Written evidence submitted by Solar Energy (NPS0003)
The solar industry very much welcomes the addition of guidance on solar PV to the National Policy Statement for renewable energy infrastructure (EN-3). However, there are several areas which could be strengthened, which we have outlined below.
EN-3 states the Government has committed to sustained growth in solar capacity to ensure that we are on a pathway that allows us to meet net zero emissions, and that solar is a key part of the government’s strategy for low-cost decarbonisation of the energy sector. The Government’s Net Zero Strategy (NZS) also recognises the centrality of solar to delivering net zero at the lowest cost to consumers.
However, unlike offshore wind, nowhere in EN-3 or the NZS has the Government set a generation target for solar. The Committee for Climate Change (CCC) has identified a need to deploy 54GW of solar by 2035 to keep on track to deliver net zero by 2050. This equates to roughly 40GW of solar by 2030, and the solar industry body, Solar Energy UK, has demonstrated in our 2021 report “Lighting the Way” that this target is possible. We recommend that a target for solar generation should be included in the NPS. This would help demonstrate the scale of the need for the technology (alongside others) and increase investor confidence in solar development.
We would also suggest that given the minimal impact of solar developments, and in many instances the significant positive impacts to natural capital and biodiversity net gain, the 50MW threshold may no longer be an appropriate cut off for determining the right planning route. We are aware that there are many elements of the planning process currently under review and urge the Government to prioritise accelerating and minimising the cost burden of the DCO process in the first instance to improve the viability of this route for projects over 50MW. Pending the outcomes of the review processes currently underway, it may be necessary to launch a further review of the appropriate NSIP threshold for solar PV projects to ensure the planning process for this technology is proportionate and does not discourage the development of larger scale projects which could make valuable contributions to achieving net zero.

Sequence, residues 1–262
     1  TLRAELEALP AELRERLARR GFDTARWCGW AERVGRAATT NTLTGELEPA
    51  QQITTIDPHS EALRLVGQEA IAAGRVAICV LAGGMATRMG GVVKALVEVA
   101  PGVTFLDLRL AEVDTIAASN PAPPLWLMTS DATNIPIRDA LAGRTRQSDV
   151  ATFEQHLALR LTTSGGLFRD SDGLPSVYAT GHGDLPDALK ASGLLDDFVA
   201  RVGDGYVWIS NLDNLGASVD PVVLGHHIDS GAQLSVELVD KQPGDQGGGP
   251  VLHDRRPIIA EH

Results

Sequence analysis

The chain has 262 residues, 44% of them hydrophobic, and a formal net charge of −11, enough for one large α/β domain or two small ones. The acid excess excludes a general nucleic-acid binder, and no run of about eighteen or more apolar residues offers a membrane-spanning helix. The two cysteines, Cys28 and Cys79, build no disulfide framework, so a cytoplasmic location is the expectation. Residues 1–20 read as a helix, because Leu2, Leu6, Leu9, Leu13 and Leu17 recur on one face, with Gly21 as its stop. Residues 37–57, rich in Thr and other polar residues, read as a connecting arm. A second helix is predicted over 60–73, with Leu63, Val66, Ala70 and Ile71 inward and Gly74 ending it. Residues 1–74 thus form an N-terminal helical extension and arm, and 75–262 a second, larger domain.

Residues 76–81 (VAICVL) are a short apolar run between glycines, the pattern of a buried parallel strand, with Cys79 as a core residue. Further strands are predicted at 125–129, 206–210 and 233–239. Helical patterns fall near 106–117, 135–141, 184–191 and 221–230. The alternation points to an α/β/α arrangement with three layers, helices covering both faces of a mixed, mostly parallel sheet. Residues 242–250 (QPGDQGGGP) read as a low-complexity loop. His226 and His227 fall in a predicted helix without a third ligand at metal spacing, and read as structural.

2.48 Solar photovoltaic generation: factors influencing site selection by applicant
We welcome the clarification in EN-3 that alternating current (AC) is the correct metric of installed capacity of solar projects. Developers are consistently pushed to limit export capacity from solar generating stations, and the policy statement confirming this is inappropriate is welcomed and essential to support the delivery of net zero by allowing installations to maximise installed capacity and account for improving technology.
2.48.7 – However, members have expressed concerns with some of the wording in paragraph 2.48.7. First is the fact that this paragraph specifies that sites will only be assessed on this basis from the date of designation of this NPS. The technically correct definition of installed capacity for solar has never changed. EN-3 should be strengthened to clarify that AC has always been the correct technical definition of installed capacity to support future reviews of planning approvals for existing sites.
It is incorrect to suggest solar has until now been assessed on DC capacity. The PINS advice issued in April 2016 concluding the correct approach to assess capacity in terms of Direct Current (DC) capacity as the ‘gross output’ of a scheme contained several technical inaccuracies and inconsistencies and was not legally binding. We recognise that the NPS does not have the authority to cut across existing planning regimes and therefore have allowed for the retrospective change where capacity has been explicitly stated as being DC by local authorities.